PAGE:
Home Advancement: Stop waiting for the BIG remodel
April 28, 2017
There comes a time in home ownership that you realize: NOW is just as good a time as any to love where you live.
Maybe you like your house already. Maybe there’s a ceiling fan driving you nuts. You’re feeling like your space is a little tired and needs to be refreshed. Despite the obvious blank-canvas, clean-slate, total-remodel, there are things you can improve without a major overhaul. More importantly, forever homes are not as common as they once were. You should enjoy where you live while you live there, not when you’re getting ready to sell it to the next family.
The thing is, there are home improvements and there are home advancements. Home improvements stay with the home, like a remodeled kitchen or bathroom. Home advancements take you from your hand-me-down sofa and position you in a comfortable home theater-style sectional. Having good furniture, even great furniture, can make you love your home even more. It doesn’t fix a leaky faucet or weed-ridden lawn, but your time spent at home can be more comfortable. As a residential designer and luxury real estate agent, I see the same pattern over an over again: homeowners deal with what they have until they move.
Sooner or later, years, sometimes decades have gone by, and you’ve realized you never really loved the home you’re in. That’s when I receive a call and one or both members of a couple are ready for a change – a major reboot. While I love getting these calls, home advancement could be a homeowner’s ongoing goal.
After years of completing new construction homes and total remodels and refits, I’ve identified the five essential Home Advancement tips to keep you in love with your family’s lasting style. Home advancement is a matter of deploying these five basic principles as needed, and in no particular order – just as long as they keep you out of the “I hate my house rut.”
- Manage your inventory:
I begin with inventory because to me it’s obvious but often overlooked. Deleting broken, uncomfortable, or otherwise bad-memory furnishings from your home is like practicing good grammar. No one necessarily rewards you for your consistent efforts, but the minute something is out of place, everyone notices.
Inventory management helps to declutter and make rooms feel larger and more spacious. However, if you’ve been living in your home for a decade without a dining room table, you need to expand your inventory. Having the best-for-your-family inventory is the key to home advancement.
Your inventory advances as carefully selected layers of coordinating pieces that may stay with you for generations. When selected appropriately, the styles and finishes expand your repertoire. Think of cross-functional pieces and the variety of users when purchasing furnishings. Ask yourself if you are purchasing something that will last until the kids take it to their college apartment.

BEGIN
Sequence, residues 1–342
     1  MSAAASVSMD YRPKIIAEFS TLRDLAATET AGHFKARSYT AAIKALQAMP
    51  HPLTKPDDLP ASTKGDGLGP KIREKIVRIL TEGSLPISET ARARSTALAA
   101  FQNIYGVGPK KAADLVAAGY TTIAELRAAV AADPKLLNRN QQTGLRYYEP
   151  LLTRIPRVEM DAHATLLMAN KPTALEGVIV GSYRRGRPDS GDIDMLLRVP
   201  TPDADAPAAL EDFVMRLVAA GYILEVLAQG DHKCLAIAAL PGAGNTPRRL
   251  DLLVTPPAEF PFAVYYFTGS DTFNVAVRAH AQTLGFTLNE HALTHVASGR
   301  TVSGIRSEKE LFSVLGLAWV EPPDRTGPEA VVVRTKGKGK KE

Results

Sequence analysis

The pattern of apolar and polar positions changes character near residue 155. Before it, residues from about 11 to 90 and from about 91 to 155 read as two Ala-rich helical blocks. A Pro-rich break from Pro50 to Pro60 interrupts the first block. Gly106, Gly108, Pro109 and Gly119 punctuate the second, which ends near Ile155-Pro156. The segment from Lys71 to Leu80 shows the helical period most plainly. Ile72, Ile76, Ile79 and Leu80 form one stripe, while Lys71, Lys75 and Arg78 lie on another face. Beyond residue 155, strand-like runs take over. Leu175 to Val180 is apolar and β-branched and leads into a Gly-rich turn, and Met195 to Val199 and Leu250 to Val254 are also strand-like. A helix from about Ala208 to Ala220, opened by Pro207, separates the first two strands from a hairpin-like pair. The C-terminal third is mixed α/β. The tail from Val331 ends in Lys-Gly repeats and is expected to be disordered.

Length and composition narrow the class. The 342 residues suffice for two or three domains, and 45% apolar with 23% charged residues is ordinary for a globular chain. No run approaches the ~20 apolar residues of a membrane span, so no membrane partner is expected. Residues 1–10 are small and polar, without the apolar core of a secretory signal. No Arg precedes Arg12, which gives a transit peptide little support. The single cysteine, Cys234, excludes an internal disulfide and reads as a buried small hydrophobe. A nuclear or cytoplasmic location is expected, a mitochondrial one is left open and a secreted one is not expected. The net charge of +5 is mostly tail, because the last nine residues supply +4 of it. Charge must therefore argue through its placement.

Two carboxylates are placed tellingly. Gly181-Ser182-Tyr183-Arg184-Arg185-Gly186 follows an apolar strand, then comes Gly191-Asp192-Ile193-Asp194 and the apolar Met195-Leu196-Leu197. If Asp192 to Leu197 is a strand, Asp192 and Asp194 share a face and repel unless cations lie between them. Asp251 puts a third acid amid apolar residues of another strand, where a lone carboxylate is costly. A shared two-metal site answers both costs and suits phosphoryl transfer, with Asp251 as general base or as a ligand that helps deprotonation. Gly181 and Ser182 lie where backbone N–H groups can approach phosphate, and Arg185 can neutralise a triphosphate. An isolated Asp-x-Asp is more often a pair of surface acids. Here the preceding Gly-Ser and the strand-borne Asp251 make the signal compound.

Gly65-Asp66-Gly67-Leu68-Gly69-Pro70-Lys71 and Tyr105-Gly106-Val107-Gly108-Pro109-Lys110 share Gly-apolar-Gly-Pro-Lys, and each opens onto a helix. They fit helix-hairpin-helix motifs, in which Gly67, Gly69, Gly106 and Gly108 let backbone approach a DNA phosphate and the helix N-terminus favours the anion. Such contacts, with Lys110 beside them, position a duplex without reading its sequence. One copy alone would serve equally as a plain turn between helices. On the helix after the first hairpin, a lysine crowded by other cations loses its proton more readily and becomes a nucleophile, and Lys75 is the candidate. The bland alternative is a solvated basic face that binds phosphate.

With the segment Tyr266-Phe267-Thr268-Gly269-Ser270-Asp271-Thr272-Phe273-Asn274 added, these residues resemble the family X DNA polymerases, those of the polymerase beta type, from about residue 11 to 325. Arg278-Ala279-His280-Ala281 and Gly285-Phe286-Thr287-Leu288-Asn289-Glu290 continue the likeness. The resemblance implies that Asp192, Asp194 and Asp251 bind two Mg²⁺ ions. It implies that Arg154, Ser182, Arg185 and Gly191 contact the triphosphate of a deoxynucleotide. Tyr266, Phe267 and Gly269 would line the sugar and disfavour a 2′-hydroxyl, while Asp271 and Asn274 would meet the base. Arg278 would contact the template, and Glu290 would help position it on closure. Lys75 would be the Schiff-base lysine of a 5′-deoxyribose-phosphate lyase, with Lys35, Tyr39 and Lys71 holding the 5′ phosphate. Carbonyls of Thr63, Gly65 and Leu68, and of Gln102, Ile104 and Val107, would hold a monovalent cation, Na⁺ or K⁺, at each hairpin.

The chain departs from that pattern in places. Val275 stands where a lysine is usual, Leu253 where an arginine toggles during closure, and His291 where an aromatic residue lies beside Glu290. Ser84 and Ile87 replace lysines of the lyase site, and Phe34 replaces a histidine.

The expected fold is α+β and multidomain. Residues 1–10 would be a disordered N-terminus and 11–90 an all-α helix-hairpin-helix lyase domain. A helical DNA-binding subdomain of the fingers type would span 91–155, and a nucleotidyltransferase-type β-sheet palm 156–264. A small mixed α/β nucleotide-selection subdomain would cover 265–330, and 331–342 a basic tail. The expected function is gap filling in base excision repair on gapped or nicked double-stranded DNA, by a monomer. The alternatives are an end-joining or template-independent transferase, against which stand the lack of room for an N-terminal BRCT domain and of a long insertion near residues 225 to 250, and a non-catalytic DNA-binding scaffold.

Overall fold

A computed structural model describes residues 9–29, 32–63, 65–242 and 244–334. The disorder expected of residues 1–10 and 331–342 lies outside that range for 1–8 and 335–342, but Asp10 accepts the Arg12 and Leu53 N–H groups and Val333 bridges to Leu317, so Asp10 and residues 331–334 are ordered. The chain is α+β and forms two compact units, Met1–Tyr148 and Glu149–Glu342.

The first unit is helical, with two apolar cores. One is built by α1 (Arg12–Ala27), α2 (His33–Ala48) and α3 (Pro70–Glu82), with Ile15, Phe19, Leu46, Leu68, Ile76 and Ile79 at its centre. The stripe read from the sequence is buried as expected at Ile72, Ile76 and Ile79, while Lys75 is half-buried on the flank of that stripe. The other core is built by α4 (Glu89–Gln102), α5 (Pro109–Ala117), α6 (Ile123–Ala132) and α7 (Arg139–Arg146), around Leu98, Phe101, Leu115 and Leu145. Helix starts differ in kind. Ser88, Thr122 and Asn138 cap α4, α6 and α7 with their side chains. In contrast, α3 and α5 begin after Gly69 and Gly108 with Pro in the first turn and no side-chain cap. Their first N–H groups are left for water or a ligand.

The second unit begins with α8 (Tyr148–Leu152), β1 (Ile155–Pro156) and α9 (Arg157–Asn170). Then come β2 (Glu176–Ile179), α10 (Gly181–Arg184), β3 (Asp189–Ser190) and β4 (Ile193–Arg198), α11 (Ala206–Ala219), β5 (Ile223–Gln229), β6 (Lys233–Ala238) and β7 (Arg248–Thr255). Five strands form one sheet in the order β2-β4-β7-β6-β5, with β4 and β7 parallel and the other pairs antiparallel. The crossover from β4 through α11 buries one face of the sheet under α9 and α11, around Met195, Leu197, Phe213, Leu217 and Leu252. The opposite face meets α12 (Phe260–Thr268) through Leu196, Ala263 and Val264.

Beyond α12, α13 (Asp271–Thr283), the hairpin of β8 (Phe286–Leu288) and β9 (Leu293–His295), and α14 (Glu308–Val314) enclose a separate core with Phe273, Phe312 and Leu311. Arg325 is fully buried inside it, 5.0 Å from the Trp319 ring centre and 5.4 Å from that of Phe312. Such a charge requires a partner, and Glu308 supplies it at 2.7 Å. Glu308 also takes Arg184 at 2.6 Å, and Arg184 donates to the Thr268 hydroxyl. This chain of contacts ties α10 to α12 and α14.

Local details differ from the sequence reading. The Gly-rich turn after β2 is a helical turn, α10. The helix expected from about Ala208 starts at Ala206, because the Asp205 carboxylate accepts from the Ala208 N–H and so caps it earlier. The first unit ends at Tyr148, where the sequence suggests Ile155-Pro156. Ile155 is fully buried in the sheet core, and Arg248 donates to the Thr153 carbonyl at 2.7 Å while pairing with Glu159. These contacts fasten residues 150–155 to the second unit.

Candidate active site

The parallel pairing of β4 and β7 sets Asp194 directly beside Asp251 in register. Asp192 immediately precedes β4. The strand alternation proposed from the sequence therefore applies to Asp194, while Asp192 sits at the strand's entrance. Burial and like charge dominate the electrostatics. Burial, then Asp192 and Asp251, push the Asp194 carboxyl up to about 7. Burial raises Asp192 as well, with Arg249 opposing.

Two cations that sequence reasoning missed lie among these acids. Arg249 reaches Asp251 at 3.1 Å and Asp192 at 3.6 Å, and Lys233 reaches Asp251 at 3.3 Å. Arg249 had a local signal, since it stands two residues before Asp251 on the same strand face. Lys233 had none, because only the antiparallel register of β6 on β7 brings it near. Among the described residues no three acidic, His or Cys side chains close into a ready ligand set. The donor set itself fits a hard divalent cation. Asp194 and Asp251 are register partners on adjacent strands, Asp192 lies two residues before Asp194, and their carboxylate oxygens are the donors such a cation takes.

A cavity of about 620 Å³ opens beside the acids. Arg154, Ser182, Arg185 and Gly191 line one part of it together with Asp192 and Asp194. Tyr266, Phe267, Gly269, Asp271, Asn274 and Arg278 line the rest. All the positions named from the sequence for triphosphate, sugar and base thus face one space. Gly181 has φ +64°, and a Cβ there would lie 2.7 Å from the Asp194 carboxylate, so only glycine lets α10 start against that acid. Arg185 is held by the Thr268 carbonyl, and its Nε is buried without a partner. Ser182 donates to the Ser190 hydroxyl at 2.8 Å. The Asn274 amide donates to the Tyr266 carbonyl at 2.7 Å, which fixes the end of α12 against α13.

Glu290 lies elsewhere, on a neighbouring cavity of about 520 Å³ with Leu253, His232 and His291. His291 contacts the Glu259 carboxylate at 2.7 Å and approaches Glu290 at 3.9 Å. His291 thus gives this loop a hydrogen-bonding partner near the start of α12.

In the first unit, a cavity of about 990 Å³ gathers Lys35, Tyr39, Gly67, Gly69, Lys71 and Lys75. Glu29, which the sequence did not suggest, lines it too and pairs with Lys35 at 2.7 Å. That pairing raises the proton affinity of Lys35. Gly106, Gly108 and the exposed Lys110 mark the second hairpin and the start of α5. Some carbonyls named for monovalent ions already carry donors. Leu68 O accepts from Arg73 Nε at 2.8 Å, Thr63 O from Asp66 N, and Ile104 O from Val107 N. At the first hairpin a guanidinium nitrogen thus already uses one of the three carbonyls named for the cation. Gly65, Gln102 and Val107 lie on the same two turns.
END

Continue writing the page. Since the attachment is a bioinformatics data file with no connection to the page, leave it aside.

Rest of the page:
When high-quality pieces are acquired, they will last. Reupholstery and refinishing are often an option for inventory advancement. I meet clients all the time that have a piece they used to love, but it just lost its luster over the years. When it is worth it, refinish it. Often these loved pieces can get refinished and moved to another residence, like a lake house or cabin in the woods.
Working with the existing carpeting on this motor yacht (left), the new materials palette (right) was selected to accent the vibrant turquoise and chartreuse colors found in the rug.
Replacing one piece, often a small furnishings item like a coffee table, can often change the overall style of the space. Here we opted for a simple Parsons style table with ottoman below (not pictured). These tables make the interior more contemporary in form and add function to the ordinary tables that were replaced.
High-quality furniture with solid wood frames can be reupholstered for a refreshed look.
- Build your collection:
Art, memorabilia, portraits, home accessories, and other czhotska’s will typically have a story that accompanies their presence in your home. Perhaps these items were a gift or collected when abroad. Your collection is uniquely your own and should bring a smile to your face every time it is viewed. Building a worthy collection is not about purchasing every single Star Wars figurine and poster you find, its about the special pieces that have meaning in your life.
a. Art: From Picasso to your child’s finger painting, frame it or highlight the piece to give it the importance it deserves. Lighting art is often an essential component to making these pieces shine.
b. Memorabilia: Signed sports objects, trophies, and the like should be grouped in a space that is themed to have discussions about the subject displayed. The World Series winning ball shouldn’t be alone in the dining room. Keep these items together and create a story for guests to experience while the game is on the background.